Gibson didn't get drunk and rave about aliens infesting his tighty-whities. And if he had, the explanation would be written off as a delusion. Sure, this would alienate the aliens, who would not finance his movies in future. But it wouldn't necessarily upset his image. And if we discovered that his father was well-known for his own theory about underwear-aliens, we would nod to each other and say, "That's where he got it from."

I think this same explanation covers what Gibson actually did. Unlike alien-paranoia, which could, with judicious attention to undergarment purchases, be kept under control, anti-Semitism is a virulent and unexcusable prejudice. It's a little more understandable in a Midwestern farm family who might not have met an actual person of the Jewish faith in generations. It's inconceivable in a person whose professional career involves working with people of all persuasions, some of whom are Jewish.

So the reality has to be: Gibson is an anti-Semite. He does hold unreasoning prejudices against a certain group of people, and maybe more, for all we know. And the fact that he's admitted to substance abuse problems does not change this fact.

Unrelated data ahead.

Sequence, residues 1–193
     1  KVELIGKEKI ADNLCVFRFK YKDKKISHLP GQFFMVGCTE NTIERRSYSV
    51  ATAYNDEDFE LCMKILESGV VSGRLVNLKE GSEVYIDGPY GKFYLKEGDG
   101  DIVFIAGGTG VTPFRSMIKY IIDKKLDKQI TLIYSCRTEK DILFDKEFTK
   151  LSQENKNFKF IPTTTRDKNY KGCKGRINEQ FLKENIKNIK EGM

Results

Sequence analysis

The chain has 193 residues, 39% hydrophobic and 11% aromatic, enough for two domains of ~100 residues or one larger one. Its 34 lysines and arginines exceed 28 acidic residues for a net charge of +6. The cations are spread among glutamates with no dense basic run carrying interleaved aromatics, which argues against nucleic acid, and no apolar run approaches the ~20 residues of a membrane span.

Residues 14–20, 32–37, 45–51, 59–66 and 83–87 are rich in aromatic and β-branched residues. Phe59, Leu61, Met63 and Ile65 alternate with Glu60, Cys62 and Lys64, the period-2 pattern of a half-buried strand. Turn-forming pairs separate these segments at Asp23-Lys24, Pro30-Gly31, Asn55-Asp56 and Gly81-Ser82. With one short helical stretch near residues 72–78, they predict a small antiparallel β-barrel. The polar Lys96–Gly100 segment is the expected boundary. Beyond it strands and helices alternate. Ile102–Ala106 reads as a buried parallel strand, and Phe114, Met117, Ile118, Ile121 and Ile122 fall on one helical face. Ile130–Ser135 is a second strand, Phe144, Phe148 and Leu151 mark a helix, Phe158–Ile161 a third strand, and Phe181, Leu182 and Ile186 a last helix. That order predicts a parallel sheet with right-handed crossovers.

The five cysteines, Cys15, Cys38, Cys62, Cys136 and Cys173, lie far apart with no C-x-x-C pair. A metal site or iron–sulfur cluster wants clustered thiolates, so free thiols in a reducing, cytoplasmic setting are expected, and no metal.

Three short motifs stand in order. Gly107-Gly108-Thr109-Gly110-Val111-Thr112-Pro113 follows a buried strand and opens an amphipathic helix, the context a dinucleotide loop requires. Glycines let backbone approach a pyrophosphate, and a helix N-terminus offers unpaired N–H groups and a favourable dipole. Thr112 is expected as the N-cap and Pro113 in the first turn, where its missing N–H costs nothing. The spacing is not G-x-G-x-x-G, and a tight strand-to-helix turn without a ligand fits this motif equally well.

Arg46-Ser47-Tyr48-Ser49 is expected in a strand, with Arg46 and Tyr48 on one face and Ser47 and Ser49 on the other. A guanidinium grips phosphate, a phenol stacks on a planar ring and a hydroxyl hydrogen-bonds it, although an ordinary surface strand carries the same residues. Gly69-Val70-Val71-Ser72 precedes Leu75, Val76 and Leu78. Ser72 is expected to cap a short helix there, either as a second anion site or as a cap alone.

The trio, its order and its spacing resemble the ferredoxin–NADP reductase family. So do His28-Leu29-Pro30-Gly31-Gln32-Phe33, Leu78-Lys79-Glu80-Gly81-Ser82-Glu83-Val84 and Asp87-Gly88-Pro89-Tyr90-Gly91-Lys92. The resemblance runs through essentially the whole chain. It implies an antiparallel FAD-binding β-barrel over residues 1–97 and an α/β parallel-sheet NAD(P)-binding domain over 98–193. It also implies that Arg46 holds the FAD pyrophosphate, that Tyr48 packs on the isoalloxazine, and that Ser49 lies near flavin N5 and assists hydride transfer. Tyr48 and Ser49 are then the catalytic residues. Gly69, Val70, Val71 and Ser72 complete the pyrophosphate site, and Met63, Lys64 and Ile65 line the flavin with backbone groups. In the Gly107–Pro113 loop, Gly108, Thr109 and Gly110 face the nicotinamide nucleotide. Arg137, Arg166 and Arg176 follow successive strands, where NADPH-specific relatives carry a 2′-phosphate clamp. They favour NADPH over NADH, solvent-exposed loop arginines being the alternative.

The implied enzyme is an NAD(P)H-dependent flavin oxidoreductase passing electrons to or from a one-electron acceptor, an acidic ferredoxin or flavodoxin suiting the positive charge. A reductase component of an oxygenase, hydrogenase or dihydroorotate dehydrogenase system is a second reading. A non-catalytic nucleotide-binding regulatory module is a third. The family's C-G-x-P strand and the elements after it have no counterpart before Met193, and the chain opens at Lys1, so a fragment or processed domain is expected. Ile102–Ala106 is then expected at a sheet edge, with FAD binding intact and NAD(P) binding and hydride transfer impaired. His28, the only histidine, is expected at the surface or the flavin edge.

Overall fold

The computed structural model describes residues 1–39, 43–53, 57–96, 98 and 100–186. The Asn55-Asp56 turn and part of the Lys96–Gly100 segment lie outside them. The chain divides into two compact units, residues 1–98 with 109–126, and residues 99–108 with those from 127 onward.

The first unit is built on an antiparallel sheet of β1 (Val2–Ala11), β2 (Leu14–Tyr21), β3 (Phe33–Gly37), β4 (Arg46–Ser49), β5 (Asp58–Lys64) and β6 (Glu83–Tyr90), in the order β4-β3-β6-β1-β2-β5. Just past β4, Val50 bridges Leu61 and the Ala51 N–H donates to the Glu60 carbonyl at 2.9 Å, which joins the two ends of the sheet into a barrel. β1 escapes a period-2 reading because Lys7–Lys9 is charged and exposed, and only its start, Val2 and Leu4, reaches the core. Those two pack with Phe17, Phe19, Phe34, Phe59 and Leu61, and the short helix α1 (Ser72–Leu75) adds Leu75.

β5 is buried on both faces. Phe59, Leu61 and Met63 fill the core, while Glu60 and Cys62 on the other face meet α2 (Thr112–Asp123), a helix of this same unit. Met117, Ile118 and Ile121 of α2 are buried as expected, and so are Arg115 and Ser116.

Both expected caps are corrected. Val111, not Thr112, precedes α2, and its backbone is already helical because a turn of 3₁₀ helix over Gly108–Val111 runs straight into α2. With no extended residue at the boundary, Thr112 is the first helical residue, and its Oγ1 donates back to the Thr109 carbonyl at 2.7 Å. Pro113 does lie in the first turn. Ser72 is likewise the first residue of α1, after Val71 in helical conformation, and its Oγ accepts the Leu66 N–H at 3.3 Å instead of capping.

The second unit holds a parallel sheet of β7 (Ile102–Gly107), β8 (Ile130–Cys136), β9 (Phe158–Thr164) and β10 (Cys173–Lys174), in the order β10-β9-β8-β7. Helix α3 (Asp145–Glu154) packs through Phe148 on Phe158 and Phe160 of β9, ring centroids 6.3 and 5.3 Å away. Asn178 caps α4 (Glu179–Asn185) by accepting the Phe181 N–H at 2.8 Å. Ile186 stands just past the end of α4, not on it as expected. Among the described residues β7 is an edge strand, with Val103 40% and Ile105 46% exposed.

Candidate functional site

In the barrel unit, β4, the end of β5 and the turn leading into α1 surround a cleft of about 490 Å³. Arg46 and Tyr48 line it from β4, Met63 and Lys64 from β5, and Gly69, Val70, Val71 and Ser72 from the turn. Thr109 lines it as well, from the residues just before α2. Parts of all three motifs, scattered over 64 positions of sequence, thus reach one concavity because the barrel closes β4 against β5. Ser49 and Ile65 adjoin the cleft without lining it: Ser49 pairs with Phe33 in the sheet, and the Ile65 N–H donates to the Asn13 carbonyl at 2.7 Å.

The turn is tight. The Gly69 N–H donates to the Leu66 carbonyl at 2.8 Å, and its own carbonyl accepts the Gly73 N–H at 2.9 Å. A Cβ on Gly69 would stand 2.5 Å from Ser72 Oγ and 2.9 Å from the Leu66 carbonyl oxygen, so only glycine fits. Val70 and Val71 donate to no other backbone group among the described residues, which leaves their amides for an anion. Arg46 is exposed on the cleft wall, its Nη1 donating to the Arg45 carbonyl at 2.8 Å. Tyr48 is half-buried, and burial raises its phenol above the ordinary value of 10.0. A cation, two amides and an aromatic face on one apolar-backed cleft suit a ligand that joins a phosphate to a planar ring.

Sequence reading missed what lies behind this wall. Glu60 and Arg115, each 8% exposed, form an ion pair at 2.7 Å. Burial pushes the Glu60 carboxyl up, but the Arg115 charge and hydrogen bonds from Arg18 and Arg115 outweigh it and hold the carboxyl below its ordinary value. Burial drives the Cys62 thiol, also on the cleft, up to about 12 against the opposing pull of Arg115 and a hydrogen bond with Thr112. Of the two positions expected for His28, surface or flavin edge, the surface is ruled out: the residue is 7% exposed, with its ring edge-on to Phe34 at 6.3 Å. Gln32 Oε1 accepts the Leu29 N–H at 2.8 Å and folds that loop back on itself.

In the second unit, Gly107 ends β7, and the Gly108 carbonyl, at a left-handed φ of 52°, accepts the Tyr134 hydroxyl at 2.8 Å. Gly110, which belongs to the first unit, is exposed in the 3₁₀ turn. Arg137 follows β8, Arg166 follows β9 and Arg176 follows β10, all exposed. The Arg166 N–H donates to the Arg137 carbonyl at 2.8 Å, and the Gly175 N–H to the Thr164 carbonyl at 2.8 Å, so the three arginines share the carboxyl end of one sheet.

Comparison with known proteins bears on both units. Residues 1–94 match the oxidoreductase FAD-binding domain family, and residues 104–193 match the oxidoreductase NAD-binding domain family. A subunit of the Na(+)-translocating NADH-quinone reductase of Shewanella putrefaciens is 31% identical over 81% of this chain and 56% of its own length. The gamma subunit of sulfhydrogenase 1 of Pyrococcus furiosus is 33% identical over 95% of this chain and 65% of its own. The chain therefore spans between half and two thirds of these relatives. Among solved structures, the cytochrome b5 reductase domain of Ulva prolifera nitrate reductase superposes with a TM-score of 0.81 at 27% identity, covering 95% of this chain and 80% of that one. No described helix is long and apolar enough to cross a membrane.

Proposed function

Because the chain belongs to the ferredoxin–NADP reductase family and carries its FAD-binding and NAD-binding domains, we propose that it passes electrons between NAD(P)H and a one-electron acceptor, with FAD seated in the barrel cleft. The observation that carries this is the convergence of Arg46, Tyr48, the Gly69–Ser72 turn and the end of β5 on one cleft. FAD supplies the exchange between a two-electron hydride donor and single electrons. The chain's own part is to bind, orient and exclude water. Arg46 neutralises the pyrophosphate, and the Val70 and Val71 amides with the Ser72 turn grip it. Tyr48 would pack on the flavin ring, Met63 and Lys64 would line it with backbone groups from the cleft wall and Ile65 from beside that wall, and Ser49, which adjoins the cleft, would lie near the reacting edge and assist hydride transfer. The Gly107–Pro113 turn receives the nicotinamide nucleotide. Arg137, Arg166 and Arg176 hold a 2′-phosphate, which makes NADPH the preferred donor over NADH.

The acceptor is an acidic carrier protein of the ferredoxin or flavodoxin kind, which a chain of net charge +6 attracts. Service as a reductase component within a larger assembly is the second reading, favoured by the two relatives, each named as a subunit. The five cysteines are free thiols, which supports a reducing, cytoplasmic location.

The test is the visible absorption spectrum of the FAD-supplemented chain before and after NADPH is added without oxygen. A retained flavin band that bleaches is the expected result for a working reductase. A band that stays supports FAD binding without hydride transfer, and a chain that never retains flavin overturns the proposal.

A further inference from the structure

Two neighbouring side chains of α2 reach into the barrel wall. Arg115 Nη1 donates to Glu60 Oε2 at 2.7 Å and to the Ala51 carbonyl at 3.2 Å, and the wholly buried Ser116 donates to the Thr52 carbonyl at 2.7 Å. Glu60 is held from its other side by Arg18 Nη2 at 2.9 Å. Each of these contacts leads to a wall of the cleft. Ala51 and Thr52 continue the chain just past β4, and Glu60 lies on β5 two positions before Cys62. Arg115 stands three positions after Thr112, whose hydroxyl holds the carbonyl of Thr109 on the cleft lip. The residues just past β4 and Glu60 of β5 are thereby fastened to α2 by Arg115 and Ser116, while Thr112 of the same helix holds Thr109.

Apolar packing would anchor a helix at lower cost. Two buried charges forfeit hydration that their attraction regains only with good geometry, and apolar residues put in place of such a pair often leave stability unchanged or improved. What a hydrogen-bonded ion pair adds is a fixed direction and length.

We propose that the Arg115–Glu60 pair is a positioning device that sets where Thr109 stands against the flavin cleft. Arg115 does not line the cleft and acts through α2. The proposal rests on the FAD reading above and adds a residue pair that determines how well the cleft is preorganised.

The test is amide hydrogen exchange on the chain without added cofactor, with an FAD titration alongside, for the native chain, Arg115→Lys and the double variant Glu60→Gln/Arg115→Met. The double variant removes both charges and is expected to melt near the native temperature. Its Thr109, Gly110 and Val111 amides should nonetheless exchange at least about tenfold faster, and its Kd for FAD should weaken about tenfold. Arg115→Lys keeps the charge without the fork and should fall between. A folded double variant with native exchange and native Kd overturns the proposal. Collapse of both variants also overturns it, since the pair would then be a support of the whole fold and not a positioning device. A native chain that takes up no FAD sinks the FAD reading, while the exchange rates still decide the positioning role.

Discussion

In fact, it explains it. It must not be easy being Mel Gibson, having to hold two irreconcilable facts in his head at all times. He hangs on to his anti-Semitism as a link to his father, a professional Holocause debunker. And he is confronted, day after day, with people who are Jewish and yet do not fit his preconceptions.

It's enough to drive a man to drink.

It's a fact of Hollywood that harsh truths about real actors can cause career ripples. And the same applies to politicians. There are few cliches more enduring than the public face of piety and goodness being ripped away to show the real monster beneath the mask. It's enough to make cynics mistrust any public face.

But just because a public face can be manipulated doesn't mean they all are. Because if we are willing to look for the signs of the real face, they are always there.